When I lived down south, I had a friend that lived two entirely different lives. When he was younger, he lived a very luxurious life and now he does not. It was amazing to listen to the stories.
My friend would tell me how he once owned a ranch and several cars. There was a time that he never even drove any of his cars himself, because he had a driver. He would awe me with stories about his own private jet. His pocket change was more money than I hope to make in my life time. One story in particular really caught my imagination.
He told me about one day when he bought a Taco Bell restaurant. He told me where it was located, but I had never been there so it did not stick with me. He said that within the hour he sold the restaurant again for multiple million dollar profit and he had never even set foot on the property! Wow! What I could do with that much money. My mind still reels with the plans and ideas. Most of which include bettering other people’s lives, of course. But then I remember where we were when he told me this story.
We were sitting in his kitchen while his wife made dinner. His home was a semi-detached house. (I think of it as a town house of only two houses.) The wall treatments and flooring, even the furniture, looked very much like his mother may have chosen these in her early twenties. Everything was well taken care of. Nothing was threadbare or falling apart. I guess the best way to describe it was carefully inherited. They did not inherit this home or anything in it, that is just the impression one got from their home.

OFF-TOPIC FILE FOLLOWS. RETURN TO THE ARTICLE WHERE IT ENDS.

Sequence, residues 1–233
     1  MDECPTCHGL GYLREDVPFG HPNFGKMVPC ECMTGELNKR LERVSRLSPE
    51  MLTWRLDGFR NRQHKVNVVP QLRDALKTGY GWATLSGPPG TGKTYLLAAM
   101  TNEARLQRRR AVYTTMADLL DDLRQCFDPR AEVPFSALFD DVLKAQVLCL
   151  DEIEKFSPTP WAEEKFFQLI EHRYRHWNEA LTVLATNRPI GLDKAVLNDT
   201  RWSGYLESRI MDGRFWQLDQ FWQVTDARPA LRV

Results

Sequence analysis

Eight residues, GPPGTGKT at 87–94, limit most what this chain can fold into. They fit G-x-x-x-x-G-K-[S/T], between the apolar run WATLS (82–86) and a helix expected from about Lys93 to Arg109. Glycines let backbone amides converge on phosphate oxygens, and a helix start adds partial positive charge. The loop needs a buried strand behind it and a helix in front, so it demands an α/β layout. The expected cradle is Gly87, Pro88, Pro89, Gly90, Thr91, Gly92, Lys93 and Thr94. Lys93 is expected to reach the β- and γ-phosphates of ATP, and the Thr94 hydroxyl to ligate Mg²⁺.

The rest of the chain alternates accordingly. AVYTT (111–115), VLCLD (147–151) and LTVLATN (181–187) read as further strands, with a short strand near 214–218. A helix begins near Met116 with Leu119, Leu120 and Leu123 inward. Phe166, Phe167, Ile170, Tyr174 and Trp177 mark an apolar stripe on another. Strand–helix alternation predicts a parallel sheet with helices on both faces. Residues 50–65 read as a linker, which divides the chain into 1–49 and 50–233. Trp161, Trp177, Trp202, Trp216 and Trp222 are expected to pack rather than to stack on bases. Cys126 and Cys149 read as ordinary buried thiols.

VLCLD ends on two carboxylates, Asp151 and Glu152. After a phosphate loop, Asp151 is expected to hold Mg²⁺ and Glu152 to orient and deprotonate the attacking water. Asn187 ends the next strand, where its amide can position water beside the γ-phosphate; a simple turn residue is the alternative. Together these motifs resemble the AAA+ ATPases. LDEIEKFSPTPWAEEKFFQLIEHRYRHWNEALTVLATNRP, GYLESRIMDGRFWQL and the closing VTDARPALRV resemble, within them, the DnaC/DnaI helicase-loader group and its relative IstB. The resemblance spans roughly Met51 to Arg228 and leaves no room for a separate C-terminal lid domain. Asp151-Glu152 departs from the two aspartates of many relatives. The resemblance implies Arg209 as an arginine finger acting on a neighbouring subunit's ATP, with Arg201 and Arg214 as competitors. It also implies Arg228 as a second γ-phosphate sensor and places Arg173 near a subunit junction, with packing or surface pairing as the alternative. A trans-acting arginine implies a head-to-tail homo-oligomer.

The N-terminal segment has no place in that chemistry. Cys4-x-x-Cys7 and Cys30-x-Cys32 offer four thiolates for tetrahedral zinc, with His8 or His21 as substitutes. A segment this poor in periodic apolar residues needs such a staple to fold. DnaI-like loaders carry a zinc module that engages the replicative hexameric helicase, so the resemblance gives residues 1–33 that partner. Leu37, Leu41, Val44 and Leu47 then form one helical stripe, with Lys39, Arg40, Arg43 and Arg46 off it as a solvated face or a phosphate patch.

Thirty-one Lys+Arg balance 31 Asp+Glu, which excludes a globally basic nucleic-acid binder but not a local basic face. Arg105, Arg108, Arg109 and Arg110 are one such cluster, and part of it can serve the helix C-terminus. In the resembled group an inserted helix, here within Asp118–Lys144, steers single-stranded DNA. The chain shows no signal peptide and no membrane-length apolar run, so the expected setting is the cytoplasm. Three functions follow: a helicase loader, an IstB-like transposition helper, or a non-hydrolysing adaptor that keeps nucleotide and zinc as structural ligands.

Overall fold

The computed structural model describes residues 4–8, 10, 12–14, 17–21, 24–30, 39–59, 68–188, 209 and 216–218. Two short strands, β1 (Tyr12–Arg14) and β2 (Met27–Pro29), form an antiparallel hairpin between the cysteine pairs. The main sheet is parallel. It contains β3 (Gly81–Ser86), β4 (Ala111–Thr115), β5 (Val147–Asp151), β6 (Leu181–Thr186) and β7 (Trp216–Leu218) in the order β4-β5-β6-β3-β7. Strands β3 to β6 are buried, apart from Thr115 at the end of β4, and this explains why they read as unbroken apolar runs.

My friend’s car was barely good enough to get him to work daily. There were days when it could not live up to that one task. There was no status or glory in this car. It was a good dependable car when it was originally bought. It was well past that though and they were not the original purchasers.
The family was always well dressed. Their clothes fit as well as any family trying keep two growing boys. They did not have name brand clothing. They did not have what you could describe as wardrobes or even large collections of clothing.
Nothing about this setting said luxury, wealth or even abundance. The question that begged to be asked came out of my mouth before I could stop it. “What happened?!”
His reply was stunning, “I gave it up.”
“What do you mean you gave it up?”
“I mean when I had all that money, the ranch, the cars and so on, I almost lost my wife, kids and my soul.”
My friend then wove a tale of not being home very often. A tale of fighting in the few moments he was at home. A tale of bitter loneliness. His wife grew weary of this and decided to control the one thing she could control – herself. She moved out to a small neighborhood in the middle of almost nowhere (the same place where these stories were shared). She took the two kids with her. She told him she would not share the life he had, but he was welcome to join her in her new life.
It took him a while to come to his decision. His choice included a rough adjustment. He took a job as a butcher near his wife and rid his life of distractions. Now, he is much like most family men – struggling to make ends meet. He has one difference. He knows the poison of abundance and is content with the meager life he shares.
He says the choice was an abundance of soulless junk verses the abundance of love. I’m not sure if it was my story it would have the same outcome.
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